Thursday, 11 October 2012
Ceisteanna - Questions - Priority Questions
Gas and Electricity Disconnections
To ask the Minister for Communications, Energy and Natural Resources his views on the 30% increase in gas prices over the past year; the actions he will take to keep energy prices down; and if he will make a statement on the matter. [43955/12]
As Deputies are aware, I have no statutory function in the setting of gas prices, whether in the regulated or non-regulated parts of the market. Responsibility for the regulation of the gas market is a matter for the Commission for Energy Regulation, CER, which is an independent statutory body. Until 1 October 2011, the CER regulated the Bord Gáis Energy tariffs for its residential and smaller business customers, at which point price regulation for the latter group ended. The regulator still regulates the Bord Gáis Energy tariffs for its residential customers. Prices charged to business gas customers are wholly a commercial and operational matter for the suppliers concerned and the same is the case for non-Bord Gáis Energy suppliers to residential customers. Business and domestic customers can avail of the competitive offerings, including discounts from a number of supply companies.
Concerning the most recent increase, I understand a marginal increase in wholesale international gas prices, which are sterling denominated, did not impact on the increase as much as the deterioration in the euro-sterling exchange rate and increase in gas network tariffs. The upward pressure on gas network tariffs is primarily due to a reduction in gas demand and higher financing costs for Bord Gáis Networks, both of which are related to the financial situation here and abroad. In making its decision, the Commission for Energy Regulation takes account of the need to protect consumers from unnecessary price increases by ensuring that only reasonable legitimate costs are recovered by Bord Gáis Energy.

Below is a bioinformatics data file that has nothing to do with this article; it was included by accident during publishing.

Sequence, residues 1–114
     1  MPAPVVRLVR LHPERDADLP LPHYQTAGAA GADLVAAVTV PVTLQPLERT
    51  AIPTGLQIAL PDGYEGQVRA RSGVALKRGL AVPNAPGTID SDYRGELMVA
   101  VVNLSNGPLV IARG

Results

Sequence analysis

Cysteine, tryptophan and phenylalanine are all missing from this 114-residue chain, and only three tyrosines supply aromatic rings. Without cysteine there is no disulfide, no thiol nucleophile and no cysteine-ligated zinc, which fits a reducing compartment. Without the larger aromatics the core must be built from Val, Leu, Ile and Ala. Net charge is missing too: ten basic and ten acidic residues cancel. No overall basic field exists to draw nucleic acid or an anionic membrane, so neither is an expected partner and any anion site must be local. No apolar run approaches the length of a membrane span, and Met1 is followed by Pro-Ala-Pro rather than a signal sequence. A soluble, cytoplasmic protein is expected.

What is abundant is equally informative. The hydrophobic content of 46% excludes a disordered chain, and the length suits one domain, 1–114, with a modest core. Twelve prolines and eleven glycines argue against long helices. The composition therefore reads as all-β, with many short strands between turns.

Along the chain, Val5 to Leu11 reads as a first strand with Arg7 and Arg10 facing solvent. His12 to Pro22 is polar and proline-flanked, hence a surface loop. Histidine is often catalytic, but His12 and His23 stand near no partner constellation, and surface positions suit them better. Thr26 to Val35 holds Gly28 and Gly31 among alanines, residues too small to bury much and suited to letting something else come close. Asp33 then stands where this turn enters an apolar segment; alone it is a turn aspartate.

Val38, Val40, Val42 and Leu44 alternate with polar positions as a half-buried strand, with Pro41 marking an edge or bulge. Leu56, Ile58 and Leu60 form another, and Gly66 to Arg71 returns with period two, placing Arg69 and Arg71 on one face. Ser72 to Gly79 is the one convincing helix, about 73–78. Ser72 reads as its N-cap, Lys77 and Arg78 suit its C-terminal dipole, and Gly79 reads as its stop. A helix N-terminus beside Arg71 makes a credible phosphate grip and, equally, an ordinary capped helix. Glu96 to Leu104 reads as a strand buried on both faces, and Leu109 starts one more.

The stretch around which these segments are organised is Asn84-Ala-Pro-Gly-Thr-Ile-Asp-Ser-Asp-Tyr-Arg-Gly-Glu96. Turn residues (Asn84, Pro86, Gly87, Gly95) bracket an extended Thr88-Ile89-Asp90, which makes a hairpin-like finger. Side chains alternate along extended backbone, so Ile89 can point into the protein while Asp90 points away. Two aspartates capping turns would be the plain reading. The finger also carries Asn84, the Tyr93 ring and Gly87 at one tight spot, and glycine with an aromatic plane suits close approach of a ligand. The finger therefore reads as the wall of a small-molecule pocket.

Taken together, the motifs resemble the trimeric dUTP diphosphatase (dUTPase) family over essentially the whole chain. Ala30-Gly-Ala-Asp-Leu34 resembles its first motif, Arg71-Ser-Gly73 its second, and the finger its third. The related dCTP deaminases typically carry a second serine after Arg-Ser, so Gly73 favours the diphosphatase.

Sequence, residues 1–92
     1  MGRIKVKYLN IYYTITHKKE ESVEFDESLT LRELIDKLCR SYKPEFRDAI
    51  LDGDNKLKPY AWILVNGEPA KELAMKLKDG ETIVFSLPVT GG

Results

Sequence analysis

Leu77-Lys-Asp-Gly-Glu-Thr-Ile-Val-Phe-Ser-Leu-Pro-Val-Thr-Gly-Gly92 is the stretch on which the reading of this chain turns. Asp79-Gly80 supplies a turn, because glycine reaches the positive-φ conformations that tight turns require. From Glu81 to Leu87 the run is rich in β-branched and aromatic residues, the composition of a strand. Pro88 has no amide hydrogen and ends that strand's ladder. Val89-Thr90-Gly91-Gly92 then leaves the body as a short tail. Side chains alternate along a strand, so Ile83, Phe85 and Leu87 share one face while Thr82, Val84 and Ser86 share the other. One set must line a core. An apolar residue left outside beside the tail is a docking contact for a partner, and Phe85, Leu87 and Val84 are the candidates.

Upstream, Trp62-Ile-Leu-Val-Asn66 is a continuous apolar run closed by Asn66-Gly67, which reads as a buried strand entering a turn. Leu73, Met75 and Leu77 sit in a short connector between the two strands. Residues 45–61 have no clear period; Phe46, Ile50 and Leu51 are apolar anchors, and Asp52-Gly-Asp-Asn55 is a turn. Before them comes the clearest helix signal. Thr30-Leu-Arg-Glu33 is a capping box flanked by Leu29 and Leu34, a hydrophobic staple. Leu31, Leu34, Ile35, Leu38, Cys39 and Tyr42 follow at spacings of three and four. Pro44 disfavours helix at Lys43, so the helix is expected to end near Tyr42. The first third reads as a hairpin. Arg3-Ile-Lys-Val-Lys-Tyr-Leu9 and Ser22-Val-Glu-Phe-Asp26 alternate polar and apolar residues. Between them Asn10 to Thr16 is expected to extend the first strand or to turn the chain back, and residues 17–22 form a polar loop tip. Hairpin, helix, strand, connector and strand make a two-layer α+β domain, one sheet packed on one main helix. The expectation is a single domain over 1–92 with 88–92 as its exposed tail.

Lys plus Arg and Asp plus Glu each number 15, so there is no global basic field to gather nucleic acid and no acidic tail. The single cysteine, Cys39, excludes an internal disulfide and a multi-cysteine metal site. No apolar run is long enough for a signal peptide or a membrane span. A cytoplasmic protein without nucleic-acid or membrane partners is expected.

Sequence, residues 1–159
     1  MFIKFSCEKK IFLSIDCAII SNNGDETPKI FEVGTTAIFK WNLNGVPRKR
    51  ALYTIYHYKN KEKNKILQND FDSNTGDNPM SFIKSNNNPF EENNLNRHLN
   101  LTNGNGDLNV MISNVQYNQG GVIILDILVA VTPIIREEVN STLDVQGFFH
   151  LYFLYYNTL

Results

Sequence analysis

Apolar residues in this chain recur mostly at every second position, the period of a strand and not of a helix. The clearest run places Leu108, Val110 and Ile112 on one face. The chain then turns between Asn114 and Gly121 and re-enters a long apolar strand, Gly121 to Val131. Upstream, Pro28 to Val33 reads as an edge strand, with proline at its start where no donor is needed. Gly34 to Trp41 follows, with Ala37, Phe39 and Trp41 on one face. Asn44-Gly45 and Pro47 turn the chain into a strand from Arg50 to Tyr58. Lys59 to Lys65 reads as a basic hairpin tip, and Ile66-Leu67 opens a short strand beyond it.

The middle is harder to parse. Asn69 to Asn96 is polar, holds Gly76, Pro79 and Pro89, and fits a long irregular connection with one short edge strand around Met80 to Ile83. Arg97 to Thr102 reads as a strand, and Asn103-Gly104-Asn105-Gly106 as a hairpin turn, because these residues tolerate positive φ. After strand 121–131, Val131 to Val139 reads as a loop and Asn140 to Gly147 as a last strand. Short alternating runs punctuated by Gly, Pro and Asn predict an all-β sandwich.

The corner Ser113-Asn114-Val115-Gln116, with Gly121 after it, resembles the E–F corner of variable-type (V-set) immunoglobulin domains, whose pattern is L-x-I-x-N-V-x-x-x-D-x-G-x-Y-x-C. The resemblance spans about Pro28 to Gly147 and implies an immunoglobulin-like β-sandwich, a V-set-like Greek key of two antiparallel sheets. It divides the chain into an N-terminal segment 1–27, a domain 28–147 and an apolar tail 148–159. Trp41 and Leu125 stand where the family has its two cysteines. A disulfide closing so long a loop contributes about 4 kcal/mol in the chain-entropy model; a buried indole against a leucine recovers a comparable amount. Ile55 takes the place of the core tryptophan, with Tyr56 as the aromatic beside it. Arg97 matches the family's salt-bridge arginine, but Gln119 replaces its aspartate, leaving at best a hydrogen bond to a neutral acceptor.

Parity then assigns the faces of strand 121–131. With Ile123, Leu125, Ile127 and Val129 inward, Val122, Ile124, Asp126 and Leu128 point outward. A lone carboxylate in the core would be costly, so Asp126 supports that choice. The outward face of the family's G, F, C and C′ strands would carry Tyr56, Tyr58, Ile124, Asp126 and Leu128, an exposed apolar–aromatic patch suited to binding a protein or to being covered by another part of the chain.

The Government is concerned at the impact of electricity and gas price increases, especially on vulnerable households. Included in the measures taken by the Government to combat vulnerability to high energy prices is the Better Energy: Warmer Homes Scheme. More than 17,000 low income homes will benefit this year from energy efficiency retrofits under the scheme, resulting in lower energy costs and improved comfort and well-being in the households in question. In addition, the Department of Social Protection provides supports for electricity and gas customers and operates a fuel allowance scheme. Some €464 million was disbursed under these schemes in 2011.
The Commission for Energy Regulation is also working with energy suppliers to ensure vulnerable customers are protected through, inter alia, the installation of pay-as-one-goes meters.
I note the Minister's abdication of responsibility in respect of the role of the Commissioner for Energy Regulation in pricing. On the latest hike in gas prices, it is incredible that in August, when Bord Gáis Energy applied to the Commission for Energy Regulation for a 7.5% increase in residential gas tariffs to commence in October, the regulator not only approved the application but added 1% to the increase requested. The latest hike in gas prices will result in an increase in the average annual bill, which was €700 in 2011, to €1,000 per annum.
As the Minister indicated, the role of the Commission for Energy Regulation is to protect the interests of consumers and act as a brake on the price hiking instincts of utility companies. Against a background of cuts in fuel allowances and the failure on the part of the State, as a major purchaser of energy, to secure discounts, is the Minister satisfied with the role of the regulator? Notwithstanding the Government's best efforts, for example, through retrofitting and the warmer homes scheme, has the regulator acted appropriately in this regard? Do we have a fuel poverty crisis?
What is happening is being driven by events in the Middle East, North Africa and Japan. The particular matter Deputy Cowen raises about the application from gas companies and the decision of the regulator is a function of how rapidly the position is changing. From the date Bord Gáis Energy submitted its application until the delayed date of the regulator's announcement, the position had deteriorated. A major factor in this deterioration was the decreasing value of the euro against sterling. This and geopolitical events have driven recent developments.
Looking back over recent years, the professional modelling system used by the Commission for Energy Regulation does not vary. If, owing to a set of given circumstances, the model provided for a decrease in price, a decrease was awarded. Similarly, increases are awarded where the model indicates they are warranted. I do not have any basis to criticise the modelling used by the regulator based on the advice available to me. For example, in both half years of 2011, the Commission for Energy Regulation did not give any increase and in the previous half year - to 30 September 2010 - the regulator reduced the price by 8%. In one half year in 2008, the regulator increased the tariff by 20% and in one six month period the tariff was increased by 32%. The regulator applies the model impartially.